What Is SIP in Construction?

February 15, 2024

Structural insulated panels (SIPs) are designed, fabricated and made watertight offsite, and can reduce the amount of time framing takes on site. This allows for building to take place more quickly and efficiently, saving money on jobsite labour costs such as scaffolding, project management, and framing labor. A BASF time-motion study found that SIP construction cuts these labor requirements by 55%.

One issue with SIPs is that the outer OSB sheathing is prone to moisture damage if a water leak occurs, particularly in cold climates. This can lead to rot, mould and mildew. Generally, this can be avoided by installing a water resistant exterior finish or simply by keeping the panels away from ground level where possible.

Another downside of SIPs is that their airtight construction means they don’t allow for much flexibility in plumbing or electrical runs, as all the holes for these are pre-drilled and can’t be added to later on. Adding these services can be achieved with a bit of planning, but it’s not ideal.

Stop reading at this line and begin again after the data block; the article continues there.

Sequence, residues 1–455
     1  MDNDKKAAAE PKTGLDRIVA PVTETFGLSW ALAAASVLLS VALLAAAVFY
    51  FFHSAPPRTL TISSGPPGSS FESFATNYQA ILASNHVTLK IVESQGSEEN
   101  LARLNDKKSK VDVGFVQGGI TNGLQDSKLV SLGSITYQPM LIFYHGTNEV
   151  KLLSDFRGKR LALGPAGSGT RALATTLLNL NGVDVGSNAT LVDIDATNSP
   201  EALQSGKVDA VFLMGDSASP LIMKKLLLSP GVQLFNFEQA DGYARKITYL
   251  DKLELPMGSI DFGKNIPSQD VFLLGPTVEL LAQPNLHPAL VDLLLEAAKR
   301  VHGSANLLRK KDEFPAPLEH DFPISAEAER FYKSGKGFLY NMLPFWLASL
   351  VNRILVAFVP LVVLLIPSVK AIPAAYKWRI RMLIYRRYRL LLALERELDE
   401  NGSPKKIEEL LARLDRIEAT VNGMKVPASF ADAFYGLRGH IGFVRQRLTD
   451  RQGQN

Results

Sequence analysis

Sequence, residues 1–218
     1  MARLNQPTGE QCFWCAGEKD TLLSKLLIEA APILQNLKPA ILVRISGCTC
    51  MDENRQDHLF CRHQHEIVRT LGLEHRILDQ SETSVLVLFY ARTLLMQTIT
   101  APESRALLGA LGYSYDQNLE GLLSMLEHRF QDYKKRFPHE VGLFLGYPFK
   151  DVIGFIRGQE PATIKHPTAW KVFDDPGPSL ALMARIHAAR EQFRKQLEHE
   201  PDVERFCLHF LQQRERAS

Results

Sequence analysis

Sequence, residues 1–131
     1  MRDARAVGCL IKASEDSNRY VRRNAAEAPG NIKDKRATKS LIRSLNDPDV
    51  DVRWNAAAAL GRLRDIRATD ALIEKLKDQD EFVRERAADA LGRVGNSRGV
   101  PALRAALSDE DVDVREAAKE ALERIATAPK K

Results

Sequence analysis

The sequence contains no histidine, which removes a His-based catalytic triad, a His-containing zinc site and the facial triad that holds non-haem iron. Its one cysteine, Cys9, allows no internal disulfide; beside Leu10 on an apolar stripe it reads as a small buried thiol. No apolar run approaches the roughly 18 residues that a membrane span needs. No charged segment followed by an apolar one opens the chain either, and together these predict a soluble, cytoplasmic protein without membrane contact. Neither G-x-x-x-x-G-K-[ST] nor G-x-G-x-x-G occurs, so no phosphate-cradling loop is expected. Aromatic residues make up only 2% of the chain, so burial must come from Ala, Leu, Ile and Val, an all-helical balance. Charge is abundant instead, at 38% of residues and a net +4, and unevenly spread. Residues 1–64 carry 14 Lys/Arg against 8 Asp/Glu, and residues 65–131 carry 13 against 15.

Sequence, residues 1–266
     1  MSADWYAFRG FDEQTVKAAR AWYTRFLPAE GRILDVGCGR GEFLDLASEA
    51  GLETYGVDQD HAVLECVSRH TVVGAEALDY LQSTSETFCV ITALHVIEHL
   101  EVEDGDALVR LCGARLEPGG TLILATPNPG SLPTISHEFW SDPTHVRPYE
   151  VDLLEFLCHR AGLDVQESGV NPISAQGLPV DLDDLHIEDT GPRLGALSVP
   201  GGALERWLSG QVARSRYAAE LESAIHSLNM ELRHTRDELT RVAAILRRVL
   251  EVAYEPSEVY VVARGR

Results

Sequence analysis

Finally, the strength of SIPs also limits wall height and eliminates the need for bulky roof trusses, allowing for more floor space in your home. However, this can create issues when designing your home, as you’ll have to carefully calculate the structural loads of the structure to ensure it is suitable and safe for your intended use. To avoid any costly mistakes, we recommend you work closely with your frame and glazing supplier throughout the design process to ensure the best outcome for your build.


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